The firm’s latest “Real Estate Counselor” column, which is featured in the Neighbors section of today’s Miami Herald, was authored by shareholder Roberto C. Blanch and titled “Water-leak Suit at Jacksonville Condo Makes Local Headlines, Reveals Telling Lessons.” Roberto’s article focuses on a recent report that aired on both the ABC and NBC affiliates in Jacksonville that included footage of a severe water leak filmed by a condominium tenant. The owner of the unit terminated the tenant’s lease, and he eventually filed a lawsuit against the association after it allegedly declined coverage for extensive water damage including warped floors of costly imported wood, destroyed light fixtures and dangerous mold. The column reads:
. . . The news report, which can be viewed at tinyurl.com/3un2ktam, illustrates the significant impacts that water leaks can have in condominiums. It is important to note that not all water loss events in condominiums are the result of improper maintenance by the association, as some may result from clogged sinks and toilets, or other owner negligence and causes.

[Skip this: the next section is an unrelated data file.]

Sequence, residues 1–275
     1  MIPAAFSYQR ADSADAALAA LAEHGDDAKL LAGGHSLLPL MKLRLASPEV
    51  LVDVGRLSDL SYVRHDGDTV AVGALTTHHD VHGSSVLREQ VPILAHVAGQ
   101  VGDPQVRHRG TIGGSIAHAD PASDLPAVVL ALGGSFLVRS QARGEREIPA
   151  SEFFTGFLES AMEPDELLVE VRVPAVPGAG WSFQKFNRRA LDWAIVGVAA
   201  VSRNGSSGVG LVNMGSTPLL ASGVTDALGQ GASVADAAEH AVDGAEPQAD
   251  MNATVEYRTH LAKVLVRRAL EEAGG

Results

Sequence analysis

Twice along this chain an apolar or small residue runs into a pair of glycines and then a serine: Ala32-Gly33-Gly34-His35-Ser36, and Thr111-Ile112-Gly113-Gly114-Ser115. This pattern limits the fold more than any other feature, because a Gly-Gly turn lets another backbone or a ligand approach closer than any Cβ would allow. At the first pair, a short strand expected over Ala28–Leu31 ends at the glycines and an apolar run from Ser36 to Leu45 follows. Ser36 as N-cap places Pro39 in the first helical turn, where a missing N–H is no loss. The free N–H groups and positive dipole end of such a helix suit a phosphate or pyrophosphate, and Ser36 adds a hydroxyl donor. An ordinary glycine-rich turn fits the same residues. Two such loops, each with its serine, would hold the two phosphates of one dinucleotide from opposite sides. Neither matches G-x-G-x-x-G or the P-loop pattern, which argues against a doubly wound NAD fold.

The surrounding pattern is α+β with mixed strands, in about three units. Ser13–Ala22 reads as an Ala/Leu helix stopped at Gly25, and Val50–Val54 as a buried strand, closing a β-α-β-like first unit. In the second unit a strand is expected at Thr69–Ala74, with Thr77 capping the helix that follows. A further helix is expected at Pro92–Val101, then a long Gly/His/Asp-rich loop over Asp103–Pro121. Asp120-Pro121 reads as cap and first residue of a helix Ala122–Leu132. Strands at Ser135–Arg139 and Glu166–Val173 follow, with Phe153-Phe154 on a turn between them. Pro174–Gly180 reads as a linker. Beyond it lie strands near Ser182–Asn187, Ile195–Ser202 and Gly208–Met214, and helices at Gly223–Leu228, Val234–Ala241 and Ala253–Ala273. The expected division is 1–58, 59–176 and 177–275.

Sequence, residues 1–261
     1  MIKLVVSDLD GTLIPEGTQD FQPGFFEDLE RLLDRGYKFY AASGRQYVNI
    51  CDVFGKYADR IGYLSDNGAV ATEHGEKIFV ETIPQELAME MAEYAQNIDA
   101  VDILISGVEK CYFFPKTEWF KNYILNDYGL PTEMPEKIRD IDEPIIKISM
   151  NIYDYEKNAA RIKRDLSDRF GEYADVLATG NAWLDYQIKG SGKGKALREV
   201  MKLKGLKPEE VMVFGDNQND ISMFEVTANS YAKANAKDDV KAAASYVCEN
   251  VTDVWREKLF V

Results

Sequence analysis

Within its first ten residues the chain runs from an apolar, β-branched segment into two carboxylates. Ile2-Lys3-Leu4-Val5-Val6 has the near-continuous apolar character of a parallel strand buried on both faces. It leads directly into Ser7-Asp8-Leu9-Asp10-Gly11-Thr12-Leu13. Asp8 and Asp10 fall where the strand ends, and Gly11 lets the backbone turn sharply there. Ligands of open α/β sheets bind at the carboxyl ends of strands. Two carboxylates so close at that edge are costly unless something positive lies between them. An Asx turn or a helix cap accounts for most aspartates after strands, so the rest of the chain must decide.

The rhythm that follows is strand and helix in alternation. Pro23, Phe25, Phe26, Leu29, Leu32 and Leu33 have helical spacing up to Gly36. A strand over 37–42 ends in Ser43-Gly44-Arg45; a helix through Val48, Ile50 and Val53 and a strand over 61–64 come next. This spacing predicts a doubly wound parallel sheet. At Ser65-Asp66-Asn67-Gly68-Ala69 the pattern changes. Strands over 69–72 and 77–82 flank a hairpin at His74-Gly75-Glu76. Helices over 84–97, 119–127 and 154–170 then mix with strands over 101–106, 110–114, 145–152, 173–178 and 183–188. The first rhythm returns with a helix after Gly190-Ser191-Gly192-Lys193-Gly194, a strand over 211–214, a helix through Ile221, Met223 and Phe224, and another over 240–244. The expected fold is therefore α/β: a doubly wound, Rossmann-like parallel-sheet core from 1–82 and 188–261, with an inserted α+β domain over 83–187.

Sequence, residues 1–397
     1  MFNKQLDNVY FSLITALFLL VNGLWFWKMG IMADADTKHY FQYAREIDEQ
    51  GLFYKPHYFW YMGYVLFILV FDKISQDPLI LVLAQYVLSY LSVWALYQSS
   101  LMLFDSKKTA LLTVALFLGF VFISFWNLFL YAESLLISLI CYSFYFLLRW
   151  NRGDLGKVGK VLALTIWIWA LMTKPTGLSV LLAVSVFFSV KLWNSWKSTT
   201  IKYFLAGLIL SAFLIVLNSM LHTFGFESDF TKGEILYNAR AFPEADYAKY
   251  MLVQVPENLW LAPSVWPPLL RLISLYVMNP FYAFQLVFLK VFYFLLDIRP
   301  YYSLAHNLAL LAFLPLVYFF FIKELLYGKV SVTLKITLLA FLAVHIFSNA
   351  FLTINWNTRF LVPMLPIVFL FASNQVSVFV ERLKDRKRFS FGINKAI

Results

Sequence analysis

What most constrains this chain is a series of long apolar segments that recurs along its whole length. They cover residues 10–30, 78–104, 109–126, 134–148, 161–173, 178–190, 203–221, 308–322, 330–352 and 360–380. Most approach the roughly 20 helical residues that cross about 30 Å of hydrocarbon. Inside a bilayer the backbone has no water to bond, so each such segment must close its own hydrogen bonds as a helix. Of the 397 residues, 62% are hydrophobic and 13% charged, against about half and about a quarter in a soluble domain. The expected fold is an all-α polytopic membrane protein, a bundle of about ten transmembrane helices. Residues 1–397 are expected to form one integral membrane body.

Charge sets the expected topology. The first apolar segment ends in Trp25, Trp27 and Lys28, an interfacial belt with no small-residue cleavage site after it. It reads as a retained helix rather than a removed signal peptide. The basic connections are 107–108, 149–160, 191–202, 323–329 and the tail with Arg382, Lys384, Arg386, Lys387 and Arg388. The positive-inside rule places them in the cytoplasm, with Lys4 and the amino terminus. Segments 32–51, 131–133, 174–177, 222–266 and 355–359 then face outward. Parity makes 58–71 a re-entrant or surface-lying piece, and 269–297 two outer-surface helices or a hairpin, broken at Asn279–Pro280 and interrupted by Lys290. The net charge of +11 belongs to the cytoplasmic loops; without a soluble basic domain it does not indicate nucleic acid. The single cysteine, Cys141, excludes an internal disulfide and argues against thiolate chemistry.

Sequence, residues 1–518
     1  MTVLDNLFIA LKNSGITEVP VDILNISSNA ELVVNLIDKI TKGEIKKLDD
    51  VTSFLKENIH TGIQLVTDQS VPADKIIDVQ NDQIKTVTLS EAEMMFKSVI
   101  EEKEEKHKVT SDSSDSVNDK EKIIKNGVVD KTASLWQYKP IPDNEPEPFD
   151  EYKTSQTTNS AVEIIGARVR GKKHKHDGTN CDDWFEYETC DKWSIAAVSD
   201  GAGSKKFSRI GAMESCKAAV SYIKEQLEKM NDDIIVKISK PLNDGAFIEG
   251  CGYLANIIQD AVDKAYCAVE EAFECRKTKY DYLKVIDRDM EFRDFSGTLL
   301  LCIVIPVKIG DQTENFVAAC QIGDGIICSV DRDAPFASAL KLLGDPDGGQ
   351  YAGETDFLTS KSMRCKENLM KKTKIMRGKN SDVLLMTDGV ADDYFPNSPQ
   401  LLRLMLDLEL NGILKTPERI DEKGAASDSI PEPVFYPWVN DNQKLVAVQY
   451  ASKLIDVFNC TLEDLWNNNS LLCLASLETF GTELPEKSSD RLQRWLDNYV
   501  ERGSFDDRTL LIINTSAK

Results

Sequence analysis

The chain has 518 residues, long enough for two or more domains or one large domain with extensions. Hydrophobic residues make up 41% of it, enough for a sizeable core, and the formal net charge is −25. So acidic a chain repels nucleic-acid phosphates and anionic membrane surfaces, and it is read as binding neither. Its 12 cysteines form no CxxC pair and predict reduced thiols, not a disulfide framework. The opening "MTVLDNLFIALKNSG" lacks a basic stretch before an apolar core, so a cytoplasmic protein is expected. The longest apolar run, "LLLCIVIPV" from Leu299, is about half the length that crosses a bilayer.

Condominium associations and their property management must periodically inspect and repair their buildings’ common-element pipes and other components. Any leaks that may arise should be quickly and proactively investigated to determine their source and prevent them from causing any further property damage or possible injuries to residents. Regardless of a leak’s cause or source, an association’s management and directors have an obligation to address and potentially eliminate it.
Associations should work with qualified insurance professionals to maintain adequate coverage against the types of damages that are likely to arise from leaks. They should also have a plan of action in place for the handling of water leaks, including pre-determined arrangements for their immediate remediation and a detailed process for reporting such incidents to the association’s insurance carrier.